Building renovations are capital expenses and should more appropriately be paid for out of the County’s Capital Expenditures, not the Clean Air Fund.  The plain language of the Clean Air Fund regulation limits the use of money in the Clean Air Fund “to support activities related to the improvement of air quality within Allegheny County and to support activities which will increase or improve knowledge concerning air pollution, its causes, its effects, and the control thereof.” (See Article XXI §2109.09.)

As was published in the County’s Comprehensive Annual Financial Report, published 5/31/2018, the General Fund’s total fund balance increased $5.6 million in 2017 to $83.6 million from $78.0 million in 2016.  There is plenty of money to cover the cost of this renovation without misusing the Clean Air Fund.

As the report also stated, “County spending – including from underutilized funds dedicated to reducing air pollution, supporting public transit and funding affordable housing – must be targeted where the biggest impact can be made.”

Renovating buildings with Clean Air Funds may constitute illegal self-dealing on the part of the county, the lawsuit contends, as well as a possible violation of the Environmental Rights Amendment of Pennsylvania’s State Constitution, Article 1, Section 27, which states:

“The people have a right to clean air, pure water, and to the preservation of the natural, scenic, historic and esthetic values of the environment. Pennsylvania’s public natural resources are the common property of all the people, including generations yet to come. As a trustee of these resources, the Commonwealth shall conserve and maintain them for the benefit of all the people.”

Finally, the Clean Air Fund money is really for the people and the communities who have been, and continue to be, harmed by pollution by serial polluters.  That money needs to go to programs that improve the air in our region—such as protecting students in schools located near polluting facilities.

Recent research has documented that children exposed to the highest levels of air pollution had nearly double the risk of asthma diagnosis as well as poorly controlled asthma.   Higher exposures to PM2.5 and black carbon were associated with increased rates of asthma diagnosis and increased rates of poorly controlled asthma.  Underprivileged children living near smokestack pollution sources in communities like Clairton, Woodland Hills and Allegheny Valley have as high as a 1 in 4 rate of having asthma.   An additional 10 percent of children are at risk of developing asthma.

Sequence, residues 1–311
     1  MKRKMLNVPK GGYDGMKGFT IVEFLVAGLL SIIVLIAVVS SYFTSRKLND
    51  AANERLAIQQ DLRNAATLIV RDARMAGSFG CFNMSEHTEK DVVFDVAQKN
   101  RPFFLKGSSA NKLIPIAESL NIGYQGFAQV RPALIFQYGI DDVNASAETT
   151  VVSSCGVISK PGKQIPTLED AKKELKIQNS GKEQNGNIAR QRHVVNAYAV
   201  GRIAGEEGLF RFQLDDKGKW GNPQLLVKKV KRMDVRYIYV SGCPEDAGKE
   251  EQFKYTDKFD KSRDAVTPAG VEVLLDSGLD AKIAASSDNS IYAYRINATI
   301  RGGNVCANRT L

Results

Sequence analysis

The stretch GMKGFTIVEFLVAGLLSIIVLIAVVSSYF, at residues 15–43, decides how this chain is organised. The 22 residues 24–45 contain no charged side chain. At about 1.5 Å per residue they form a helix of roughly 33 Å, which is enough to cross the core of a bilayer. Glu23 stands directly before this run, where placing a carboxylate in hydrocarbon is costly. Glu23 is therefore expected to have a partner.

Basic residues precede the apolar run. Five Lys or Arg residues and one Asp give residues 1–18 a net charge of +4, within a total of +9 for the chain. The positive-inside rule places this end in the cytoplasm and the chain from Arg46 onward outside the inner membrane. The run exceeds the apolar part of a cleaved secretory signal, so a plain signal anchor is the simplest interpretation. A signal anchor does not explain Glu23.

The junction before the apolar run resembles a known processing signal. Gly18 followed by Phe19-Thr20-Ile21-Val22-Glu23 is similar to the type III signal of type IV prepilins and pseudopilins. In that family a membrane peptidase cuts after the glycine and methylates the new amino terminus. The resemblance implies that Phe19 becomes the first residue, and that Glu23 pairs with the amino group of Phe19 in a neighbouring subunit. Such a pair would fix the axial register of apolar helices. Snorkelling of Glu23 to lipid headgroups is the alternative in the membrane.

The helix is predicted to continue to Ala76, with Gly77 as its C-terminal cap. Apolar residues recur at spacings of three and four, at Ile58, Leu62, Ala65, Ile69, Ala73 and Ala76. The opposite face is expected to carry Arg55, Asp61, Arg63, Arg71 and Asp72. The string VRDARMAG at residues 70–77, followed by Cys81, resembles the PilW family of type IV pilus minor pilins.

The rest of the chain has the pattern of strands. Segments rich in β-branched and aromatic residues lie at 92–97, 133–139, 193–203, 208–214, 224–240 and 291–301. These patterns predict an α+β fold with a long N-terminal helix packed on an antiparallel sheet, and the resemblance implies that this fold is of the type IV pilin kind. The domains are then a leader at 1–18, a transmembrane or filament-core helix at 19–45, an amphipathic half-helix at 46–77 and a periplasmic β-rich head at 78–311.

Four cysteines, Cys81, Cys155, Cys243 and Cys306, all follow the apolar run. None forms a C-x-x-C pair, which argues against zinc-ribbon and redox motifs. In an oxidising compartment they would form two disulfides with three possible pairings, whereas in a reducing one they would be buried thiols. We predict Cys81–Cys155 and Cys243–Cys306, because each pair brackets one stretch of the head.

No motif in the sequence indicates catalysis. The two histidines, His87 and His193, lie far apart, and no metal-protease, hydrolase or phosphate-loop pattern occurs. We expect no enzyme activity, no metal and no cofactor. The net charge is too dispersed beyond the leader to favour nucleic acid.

Protecting children in polluted communities is what the money should be used for.  Not for renovating buildings.  It is the job of our local elected officials to act as the ultimate protector of the health of the people of Allegheny County. The protection of our health should be the highest priority for our public servants. It is not acceptable for elected officials to allow industries to create higher cancer risks and deny local citizens’ our right to clean air or by spending money allocated for cleaning up the air to be used for building renovations.

Life and health are precious, so we want to protect ourselves and those we love. Yet, we encounter harmful, dangerous chemicals in the air we breathe every day. We need to take action now to reduce the air pollution that is contributing to cancer in Southwest Pennsylvania. Our future economic well-being depends on attracting new businesses and we can’t do that without clean air. Through innovation, we can clean our air without people losing jobs and without bad economic impacts.

We encourage all of you to join us in standing up for the clean air we deserve.  Become familiar with the citizen science tools on our website.  Document evidence and send it to our leaders and agencies responsible for protecting us.  Get involved in regional campaigns to hold polluters and our regulatory agencies responsible.  Speak out in your community.  We need you to become a part of this movement to clean up our region’s air.